Was Mozart murdered?

Was Mozart murdered?

At the pinnacle of his career, Mozart died after suffering an illness. Or did he perish at the hand of an envious arch rival?

A suspicious death

was mozart murdered
A posthumous painting of Mozart by Barbara Krafft. Image via Wiki

The sublime and ravishing music of Wolfgang Amadeus Mozart will live on and be played forever, but Mozart himself was not given the length of a normal lifetime. When he died on December 5, 1791, after a short battle with inflammation and fever, he was 35 years old.

As a child, Mozart had been famous throughout Europe as one of the most astonishing child prodigies in the history of music. He possessed virtuoso talent on multiple instruments before he was ten years old, and began composing minuets when he was only five. While still a child he had written accomplished operas and symphonies and had been feted in the royal courts from Vienna to London.

But Mozart’s adult life was marked by financial struggle and professional conflict. Though he was composing perhaps the best music of any living composer, as an adult Mozart failed to find swift success with the Viennese of his native Austria. His triumphs were often overshadowed by frustrations and failures. Worse still, he had to manoeuvre through the political intrigues of popular composers who resented his talent, dodge the caprices of the ruling Hapsburgs, and literally finish commissions at fever pitch simply in order to pay his bills.

When he passed away, the official death register in Vienna listed Mozart’s cause of death as “acute military fever,” but it would not be long before another diagnosis was proposed: murder.


The odour of foul play

The enduring legend that Mozart was murdered began only a few weeks after his death when a Berlin newspaper ran an article claiming that “because his body swelled up after death, people even thought he had been poisoned.”

Normally, a dead body quickly becomes cold and stiff, but, as Mozart’s son Carl later recalled, the composer’s body swelled and remained soft—traits common to the bodies of poison victims. Because of the stench emitted by the corpse, the body was buried hastily and was not subjected to an autopsy. And, most intriguing of all, Mozart himself is reported to have believed that he was poisoned by a rival. A few weeks before his death, he purportedly told his wife Constanze that “Someone has given me acqua toffana and has calculated the precise time of my death.” (Acqua toffana was the name of a slow-acting arsenic poison frequently invoked in 17th- and 18th-century murder cases.)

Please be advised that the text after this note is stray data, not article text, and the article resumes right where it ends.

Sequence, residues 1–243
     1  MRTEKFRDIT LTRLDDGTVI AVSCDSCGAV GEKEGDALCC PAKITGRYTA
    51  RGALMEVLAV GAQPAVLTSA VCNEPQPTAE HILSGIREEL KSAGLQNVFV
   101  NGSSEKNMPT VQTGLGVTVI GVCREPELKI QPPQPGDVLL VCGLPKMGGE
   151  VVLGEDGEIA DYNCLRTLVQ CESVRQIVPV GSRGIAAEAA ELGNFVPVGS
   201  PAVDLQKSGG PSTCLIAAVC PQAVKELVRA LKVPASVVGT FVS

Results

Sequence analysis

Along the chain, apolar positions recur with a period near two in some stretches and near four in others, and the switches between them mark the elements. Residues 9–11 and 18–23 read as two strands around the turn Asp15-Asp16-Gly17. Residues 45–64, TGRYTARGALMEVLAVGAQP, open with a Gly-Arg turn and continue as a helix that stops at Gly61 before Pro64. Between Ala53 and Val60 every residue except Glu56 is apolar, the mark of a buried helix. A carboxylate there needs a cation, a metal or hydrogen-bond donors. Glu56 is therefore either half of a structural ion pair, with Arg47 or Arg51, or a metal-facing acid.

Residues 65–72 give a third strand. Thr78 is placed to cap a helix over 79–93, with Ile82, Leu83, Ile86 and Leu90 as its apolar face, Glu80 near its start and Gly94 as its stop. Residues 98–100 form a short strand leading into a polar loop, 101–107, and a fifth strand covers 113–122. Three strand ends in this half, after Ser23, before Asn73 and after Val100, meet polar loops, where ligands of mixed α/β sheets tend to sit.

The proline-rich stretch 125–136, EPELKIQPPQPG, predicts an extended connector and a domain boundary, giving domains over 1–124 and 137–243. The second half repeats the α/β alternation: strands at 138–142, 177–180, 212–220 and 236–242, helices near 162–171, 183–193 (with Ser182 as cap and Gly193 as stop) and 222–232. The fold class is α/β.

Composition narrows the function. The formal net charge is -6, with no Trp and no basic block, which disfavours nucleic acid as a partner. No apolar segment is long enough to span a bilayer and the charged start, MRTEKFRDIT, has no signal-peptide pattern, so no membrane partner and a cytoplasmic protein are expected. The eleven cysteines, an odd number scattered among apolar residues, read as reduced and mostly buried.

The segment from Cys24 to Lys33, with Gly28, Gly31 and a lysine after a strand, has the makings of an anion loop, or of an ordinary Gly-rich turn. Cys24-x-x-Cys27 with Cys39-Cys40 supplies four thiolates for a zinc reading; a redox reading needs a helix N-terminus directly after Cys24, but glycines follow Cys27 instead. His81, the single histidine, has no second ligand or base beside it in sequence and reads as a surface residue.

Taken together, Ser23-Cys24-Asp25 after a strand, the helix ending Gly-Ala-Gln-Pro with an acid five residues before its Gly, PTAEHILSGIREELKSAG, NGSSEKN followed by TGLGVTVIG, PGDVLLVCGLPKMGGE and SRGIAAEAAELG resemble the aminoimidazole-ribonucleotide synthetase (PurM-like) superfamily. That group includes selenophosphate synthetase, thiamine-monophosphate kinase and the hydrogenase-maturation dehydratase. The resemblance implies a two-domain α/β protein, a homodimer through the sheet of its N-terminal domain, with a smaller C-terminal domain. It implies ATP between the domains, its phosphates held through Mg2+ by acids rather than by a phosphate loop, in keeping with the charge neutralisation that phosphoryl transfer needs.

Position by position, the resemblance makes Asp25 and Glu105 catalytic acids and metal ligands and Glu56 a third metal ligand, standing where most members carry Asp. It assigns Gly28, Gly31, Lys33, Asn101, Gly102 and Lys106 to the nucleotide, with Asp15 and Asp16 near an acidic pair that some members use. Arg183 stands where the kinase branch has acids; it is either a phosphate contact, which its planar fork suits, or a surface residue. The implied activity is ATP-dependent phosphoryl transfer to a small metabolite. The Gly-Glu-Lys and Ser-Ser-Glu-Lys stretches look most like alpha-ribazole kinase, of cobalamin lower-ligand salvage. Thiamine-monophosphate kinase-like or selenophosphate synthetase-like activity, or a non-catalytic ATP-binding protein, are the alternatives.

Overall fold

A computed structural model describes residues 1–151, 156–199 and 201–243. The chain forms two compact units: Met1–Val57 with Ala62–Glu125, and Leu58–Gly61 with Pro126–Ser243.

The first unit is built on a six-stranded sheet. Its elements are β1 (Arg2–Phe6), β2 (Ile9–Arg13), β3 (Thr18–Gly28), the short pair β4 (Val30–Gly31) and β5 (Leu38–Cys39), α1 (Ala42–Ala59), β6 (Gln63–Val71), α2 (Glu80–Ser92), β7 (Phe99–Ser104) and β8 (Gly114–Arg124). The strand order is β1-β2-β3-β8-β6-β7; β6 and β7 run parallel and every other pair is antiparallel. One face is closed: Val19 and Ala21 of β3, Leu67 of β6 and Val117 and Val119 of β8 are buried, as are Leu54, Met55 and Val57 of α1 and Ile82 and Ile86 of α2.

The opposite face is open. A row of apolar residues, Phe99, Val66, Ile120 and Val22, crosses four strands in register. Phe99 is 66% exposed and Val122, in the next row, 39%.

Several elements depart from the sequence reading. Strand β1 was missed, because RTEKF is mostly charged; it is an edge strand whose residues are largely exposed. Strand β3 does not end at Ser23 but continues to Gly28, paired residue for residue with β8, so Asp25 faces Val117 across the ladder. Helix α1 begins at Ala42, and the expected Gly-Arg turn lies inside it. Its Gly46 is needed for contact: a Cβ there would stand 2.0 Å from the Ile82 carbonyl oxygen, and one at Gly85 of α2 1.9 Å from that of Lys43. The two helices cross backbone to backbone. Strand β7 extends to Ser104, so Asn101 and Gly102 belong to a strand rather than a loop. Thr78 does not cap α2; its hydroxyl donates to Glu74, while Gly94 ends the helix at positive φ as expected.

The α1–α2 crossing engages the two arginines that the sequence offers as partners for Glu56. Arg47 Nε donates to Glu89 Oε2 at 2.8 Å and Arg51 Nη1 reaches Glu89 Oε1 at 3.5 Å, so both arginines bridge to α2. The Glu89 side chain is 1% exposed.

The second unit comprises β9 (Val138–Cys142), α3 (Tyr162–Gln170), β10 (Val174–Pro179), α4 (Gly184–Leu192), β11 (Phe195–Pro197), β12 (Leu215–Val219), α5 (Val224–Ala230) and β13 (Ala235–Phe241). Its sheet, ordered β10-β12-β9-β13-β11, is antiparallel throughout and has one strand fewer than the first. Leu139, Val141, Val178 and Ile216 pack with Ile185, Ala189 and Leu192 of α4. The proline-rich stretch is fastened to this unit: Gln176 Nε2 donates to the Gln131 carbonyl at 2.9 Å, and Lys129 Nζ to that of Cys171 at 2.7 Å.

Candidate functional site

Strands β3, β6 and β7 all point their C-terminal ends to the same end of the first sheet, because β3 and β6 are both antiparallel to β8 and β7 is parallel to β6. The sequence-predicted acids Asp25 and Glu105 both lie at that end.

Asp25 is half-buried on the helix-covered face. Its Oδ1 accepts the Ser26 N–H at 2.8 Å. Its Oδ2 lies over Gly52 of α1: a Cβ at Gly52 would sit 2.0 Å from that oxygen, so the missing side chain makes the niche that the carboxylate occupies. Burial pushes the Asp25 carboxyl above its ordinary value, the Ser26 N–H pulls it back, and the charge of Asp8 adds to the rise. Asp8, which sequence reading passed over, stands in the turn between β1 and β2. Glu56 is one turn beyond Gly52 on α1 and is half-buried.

The composer certainly had enough enemies to warrant suspicion of foul play. Most prominent among his rivals was the jealous, ambitious court composer to Emperor Joseph II, Antonio Salieri. At the time, the middle-aged composer was the most prominent musician in Vienna, his music held in high regard and in great demand by the city’s aristocracy. But Salieri was convinced—rightly, as it turns out—that the less fashionable Mozart possessed a far superior musical gift. And though he attended a performance of The Magic Flute and may have been one of the few mourners at Mozart’s memorial service, Salieri was consumed by envy for Mozart’s creative power.

More than 30 years after Mozart’s death, Salieri unexpectedly fanned the flames of suspicion that it was he who had murdered Mozart. As he approached his own death, Salieri became increasingly preoccupied with the idea that he was responsible for Mozart’s death. He not only attempted suicide but tried to confess what he believed to be his sin. His once-fashionable music now silent throughout Vienna, the court composer died a delusional and broken old man in 1824.


A more prosaic end?

An unfinished portrait of Mozart by his brother-in-law Joseph Lange. Image via Wiki

Another man with a motive to murder Mozart may have been Franz Hofdemel, whose beautiful wife, Magdalena, studied piano with Mozart, stirring up speculation that she and the composer were involved in an affair. Only a few days after Mozart died, Franz Hofdemel attacked his wife—then pregnant—with a razor, slashing her face and throat and then killing himself. Magdalena and her unborn child both survived. Years later, Beethoven refused to play in her presence because of her intimacy with his great predecessor.

Despite these intriguing coincidences, historians and biographers have given very little credence to the legend of Mozart’s murder. Most believe, based on physicians’ later reconstructions of the event, that he died of rheumatic fever, kidney failure, or pneumonia. Mozart’s own paranoid belief that he had been poisoned may have stemmed from the delusions that often accompany kidney failure. Salieri’s fantasy that he was responsible for Mozart’s death may have been related to illness as well. As for Franz Hofdemel, no evidence has shown that he murdered Mozart, and contemporary sources do not indicate that the composer ever strayed in his marriage to Constanze.

Because Mozart was buried in an unmarked public grave, the precise location unknown, we will never know for sure what caused the great composer’s death. We do know of his life, however, as his sublime music lives on.

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